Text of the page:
Saturday, October 02, 2010
An Open Letter to Ed Miliband
This column of mine appears in the Morning Star.
It's also posted over at the CPO website.
Dear Ed - if I may -
Congratulations on winning the contest for Labour leadership.
In your leadership campaign you presented yourself as the candidate for change. You've said that new Labour is "dead" and that a new generation has now taken over.
But in order to convince those thousands of former Labour members and voters (myself included), that the party really has changed from the days of Blair and Brown and will once again put the interests of people before capital, mere words will not be enough.
Nothing could demonstrate better that a clean break has been made with the new Labour years, than for the Labour Party once again to embrace public ownership.
Clause IV, drafted by Sidney Webb and adopted by the party in 1918, stated that the aim of Labour was "to secure for the workers by hand or by brain the full fruits of their industry and the most equitable distribution thereof that may be possible upon the basis of the common ownership of the means of production, distribution and exchange, and the best obtainable system of popular administration and control of each industry or service."
It remains the best definition of socialism I have ever come across. The Labour Party since its inception had always been an alliance of social democrats and democratic socialists, but when the party ditched Clause IV in 1995, it was a sign that it had lurched dramatically to the neoliberal right. To its shame, new Labour when in government continued the Conservatives pro-privatisation policies, despite privatisation's growing unpopularity with the public at large.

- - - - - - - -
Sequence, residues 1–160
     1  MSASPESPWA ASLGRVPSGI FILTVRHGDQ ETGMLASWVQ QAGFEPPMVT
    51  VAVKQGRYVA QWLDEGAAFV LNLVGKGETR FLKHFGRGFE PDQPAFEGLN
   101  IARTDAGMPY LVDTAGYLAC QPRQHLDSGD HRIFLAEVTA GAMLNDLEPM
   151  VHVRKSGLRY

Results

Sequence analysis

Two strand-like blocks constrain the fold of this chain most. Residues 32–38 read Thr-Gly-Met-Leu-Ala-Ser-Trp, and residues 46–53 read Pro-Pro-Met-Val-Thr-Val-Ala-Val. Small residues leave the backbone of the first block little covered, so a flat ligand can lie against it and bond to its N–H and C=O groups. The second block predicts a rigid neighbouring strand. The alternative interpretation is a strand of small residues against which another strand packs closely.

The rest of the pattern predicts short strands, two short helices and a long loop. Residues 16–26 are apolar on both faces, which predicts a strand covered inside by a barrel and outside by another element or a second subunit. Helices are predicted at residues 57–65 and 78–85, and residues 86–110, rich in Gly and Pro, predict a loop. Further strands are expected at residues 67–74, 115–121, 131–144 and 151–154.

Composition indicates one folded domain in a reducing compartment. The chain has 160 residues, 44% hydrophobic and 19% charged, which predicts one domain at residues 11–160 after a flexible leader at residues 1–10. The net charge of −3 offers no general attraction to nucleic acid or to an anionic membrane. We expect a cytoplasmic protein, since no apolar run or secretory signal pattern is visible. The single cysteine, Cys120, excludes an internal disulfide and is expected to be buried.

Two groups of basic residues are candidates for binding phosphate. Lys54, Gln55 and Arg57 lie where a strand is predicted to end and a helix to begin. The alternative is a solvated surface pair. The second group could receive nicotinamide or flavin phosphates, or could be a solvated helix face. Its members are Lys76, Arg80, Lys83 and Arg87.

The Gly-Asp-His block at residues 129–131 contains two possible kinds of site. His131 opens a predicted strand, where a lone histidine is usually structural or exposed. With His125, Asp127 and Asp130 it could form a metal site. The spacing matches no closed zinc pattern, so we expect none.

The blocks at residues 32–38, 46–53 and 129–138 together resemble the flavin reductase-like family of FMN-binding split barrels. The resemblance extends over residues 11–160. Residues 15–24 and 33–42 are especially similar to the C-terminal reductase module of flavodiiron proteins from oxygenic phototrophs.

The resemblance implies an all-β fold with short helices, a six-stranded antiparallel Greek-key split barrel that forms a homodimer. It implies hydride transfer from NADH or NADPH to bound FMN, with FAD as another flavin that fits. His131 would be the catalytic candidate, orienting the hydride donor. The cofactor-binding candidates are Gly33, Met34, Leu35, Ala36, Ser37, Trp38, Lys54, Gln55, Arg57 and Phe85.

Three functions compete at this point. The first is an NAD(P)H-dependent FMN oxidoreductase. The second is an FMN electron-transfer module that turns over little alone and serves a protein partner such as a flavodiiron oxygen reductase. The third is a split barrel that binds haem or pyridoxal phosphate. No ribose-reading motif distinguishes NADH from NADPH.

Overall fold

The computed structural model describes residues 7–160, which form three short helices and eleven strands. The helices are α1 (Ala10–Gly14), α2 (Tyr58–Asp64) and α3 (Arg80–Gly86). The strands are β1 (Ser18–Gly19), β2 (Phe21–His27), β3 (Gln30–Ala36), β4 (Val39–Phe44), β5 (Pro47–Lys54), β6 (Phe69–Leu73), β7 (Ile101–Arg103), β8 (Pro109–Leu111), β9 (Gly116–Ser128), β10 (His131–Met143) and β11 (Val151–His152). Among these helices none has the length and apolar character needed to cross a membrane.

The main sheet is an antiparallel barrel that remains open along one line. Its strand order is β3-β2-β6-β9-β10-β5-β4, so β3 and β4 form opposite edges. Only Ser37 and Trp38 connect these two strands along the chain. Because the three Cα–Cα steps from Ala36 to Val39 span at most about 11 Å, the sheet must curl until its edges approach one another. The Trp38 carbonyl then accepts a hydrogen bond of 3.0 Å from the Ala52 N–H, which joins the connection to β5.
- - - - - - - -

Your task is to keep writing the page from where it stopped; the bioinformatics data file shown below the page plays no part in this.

The restoration of the original Clause IV into the Labour Party's constitution would be a sign that Labour's privatisation days are over.
But short of that, there are four important areas where Labour, under your leadership, can prove that it really has broken with the failed economic dogma of the past.
First, Labour can campaign for the return of Britain's railways to full public ownership.
In opposition Labour opposed the Tory sell-off of British Rail. But to the huge disappointment of Labour supporters and the travelling public, Labour reneged on its promise when it came to office in 1997 and continued to subsidise profiteering private rail operators.
Rail privatisation, as all but the most fanatical free-market ideologues would agree, has been a total disaster.
Despite Britain's privatised train operators receiving around four times more in public subsidy than British Rail did in the last years of its existence, British rail fares are easily the highest in Europe, with commuters paying around twice as much as other Europeans. Trains are frequently overcrowded, with commuters who have paid thousands of pounds for season tickets being forced to stand in toilets.
Renationalising the railways would not only save taxpayers' money in the long term, it would be a voter-friendly policy - even a majority of Tory voters support taking the network back into public ownership.